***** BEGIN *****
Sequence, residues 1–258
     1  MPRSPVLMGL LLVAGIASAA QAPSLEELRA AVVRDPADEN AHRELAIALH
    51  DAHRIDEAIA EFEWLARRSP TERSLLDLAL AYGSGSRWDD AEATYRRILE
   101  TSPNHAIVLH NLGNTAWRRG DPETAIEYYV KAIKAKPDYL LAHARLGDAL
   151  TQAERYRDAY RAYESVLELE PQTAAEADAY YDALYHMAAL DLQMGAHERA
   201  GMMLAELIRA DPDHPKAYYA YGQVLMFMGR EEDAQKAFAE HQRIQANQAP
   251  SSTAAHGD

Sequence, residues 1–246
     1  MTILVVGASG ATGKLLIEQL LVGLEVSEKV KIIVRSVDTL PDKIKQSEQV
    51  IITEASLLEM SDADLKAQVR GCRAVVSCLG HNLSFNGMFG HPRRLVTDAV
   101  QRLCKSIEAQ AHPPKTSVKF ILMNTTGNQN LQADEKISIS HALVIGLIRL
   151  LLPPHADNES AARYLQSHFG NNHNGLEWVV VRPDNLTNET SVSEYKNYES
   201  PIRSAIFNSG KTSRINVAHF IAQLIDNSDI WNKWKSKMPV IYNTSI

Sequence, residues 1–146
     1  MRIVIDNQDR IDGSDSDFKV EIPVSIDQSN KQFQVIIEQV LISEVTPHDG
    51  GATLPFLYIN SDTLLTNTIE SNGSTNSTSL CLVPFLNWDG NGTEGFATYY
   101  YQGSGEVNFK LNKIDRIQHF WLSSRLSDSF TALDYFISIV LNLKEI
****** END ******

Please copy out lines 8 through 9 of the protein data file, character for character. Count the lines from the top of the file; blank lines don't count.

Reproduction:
Sequence, residues 1–246
     1  MTILVVGASG ATGKLLIEQL LVGLEVSEKV KIIVRSVDTL PDKIKQSEQV